Any correlation studies between participation in Home Economics courses and general health/obesity rates?

I have seen the recently published ones with family time, behavior and adolescent rates. I have noticed that people who have taken at least two Home Ec courses in High school tend to eat better (more nutrionally sound) or were taught at home did better than the others who didn’t. I wonder if anyone has ever done a study on this, and incorporate Home Economics (or "consumer" whatever they changed it to) into a standard of education so young adults do not have to rely on fast food, like Subway or McDonalds, to teach them nutrition. I took many in high school, and paid more attention to my health (plus my family influence). I’m not too concerned about obesity, as there are many factors involved, but general health status.
For those who may be interested…Germany is working on this (HA, my grandmother is full german…and whom I learned all about frugal living!)
This was the type of information I needed to know….nutritional studies.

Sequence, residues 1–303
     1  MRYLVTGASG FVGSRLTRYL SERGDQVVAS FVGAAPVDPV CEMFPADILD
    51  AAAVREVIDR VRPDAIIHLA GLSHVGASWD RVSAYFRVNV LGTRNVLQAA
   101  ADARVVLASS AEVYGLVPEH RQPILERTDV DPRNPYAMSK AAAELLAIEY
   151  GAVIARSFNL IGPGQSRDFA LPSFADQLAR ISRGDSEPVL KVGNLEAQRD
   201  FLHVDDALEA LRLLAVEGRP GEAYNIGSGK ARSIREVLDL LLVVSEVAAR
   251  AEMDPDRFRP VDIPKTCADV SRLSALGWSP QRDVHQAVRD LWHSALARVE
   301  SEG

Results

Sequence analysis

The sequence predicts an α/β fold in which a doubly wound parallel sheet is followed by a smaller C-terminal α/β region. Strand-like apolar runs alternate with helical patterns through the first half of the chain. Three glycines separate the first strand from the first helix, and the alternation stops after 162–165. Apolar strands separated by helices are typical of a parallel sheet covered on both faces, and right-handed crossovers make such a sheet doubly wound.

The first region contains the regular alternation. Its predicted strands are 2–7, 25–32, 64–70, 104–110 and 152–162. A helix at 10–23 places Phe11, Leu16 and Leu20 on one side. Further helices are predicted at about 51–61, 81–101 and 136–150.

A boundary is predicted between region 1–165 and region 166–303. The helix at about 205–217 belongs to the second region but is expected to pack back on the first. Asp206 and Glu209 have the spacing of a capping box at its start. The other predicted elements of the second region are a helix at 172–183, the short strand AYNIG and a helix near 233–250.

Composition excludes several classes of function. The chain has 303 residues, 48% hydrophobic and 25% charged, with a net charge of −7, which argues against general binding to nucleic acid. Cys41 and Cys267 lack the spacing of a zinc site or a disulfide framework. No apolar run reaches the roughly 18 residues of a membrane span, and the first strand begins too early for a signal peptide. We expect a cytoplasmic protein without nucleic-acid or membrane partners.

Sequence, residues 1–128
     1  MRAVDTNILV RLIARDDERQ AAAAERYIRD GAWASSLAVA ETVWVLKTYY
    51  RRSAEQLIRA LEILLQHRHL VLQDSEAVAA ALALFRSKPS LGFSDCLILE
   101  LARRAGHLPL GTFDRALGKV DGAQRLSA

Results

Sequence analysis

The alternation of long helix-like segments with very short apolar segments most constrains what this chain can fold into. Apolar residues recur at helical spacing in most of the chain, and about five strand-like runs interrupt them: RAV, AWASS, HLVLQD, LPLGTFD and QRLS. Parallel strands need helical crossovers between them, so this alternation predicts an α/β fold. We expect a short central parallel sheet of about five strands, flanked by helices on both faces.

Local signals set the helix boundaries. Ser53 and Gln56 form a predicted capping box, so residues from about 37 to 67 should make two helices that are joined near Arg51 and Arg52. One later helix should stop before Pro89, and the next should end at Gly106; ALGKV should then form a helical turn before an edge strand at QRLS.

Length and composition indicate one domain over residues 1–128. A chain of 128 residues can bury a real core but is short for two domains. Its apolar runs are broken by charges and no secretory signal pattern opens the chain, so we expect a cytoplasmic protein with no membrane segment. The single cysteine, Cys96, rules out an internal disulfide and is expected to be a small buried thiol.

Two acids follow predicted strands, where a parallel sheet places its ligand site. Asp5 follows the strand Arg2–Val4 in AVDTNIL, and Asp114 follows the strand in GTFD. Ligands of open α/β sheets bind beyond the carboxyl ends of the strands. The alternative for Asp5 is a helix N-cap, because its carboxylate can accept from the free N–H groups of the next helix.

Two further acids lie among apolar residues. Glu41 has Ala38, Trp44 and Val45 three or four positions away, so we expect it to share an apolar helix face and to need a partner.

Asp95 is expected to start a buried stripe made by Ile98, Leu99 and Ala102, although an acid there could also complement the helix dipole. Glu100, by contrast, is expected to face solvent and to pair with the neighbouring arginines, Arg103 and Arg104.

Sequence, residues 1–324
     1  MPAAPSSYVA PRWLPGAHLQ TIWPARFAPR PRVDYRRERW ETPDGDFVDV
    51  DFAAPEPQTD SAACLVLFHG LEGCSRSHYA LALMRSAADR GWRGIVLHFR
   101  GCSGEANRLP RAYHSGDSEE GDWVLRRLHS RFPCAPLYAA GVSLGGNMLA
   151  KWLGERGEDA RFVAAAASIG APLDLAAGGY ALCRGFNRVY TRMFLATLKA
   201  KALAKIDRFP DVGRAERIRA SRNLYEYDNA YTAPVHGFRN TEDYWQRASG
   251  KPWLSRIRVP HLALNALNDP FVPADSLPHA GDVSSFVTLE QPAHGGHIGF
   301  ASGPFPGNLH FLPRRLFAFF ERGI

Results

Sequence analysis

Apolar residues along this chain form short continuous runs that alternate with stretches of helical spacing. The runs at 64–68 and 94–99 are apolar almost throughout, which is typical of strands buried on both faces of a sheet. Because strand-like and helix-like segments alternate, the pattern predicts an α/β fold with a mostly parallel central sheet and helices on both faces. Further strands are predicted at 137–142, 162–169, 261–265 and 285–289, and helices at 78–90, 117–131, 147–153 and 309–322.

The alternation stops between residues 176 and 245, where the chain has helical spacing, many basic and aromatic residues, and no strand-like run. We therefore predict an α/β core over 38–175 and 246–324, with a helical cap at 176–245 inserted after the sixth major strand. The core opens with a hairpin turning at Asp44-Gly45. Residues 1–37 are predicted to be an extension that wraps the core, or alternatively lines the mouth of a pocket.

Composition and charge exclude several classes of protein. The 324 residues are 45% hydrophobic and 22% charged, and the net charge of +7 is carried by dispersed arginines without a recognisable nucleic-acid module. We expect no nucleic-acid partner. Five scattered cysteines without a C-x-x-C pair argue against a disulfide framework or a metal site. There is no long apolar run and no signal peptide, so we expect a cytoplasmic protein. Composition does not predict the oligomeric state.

http://www.dw-world.de/dw/article/0,2144,2251268,00.html

I have to make my own pizza at home, and realized it tastes better and much healthier than store-bought/premade. Same with cookies, cakes, Bisquick, etc.

One comment

  • ladyluck

    I stongly doubt that there have been studies with those correlations. A big part could be that just because you take a home economics course doesn’t make you a great cook. Likewise, if you don’t take the course you may still be a decent cook. As I look back on my home ec course, there was no information about what was healthy. We cooked pancakes, deserts, and a meat (i think..)

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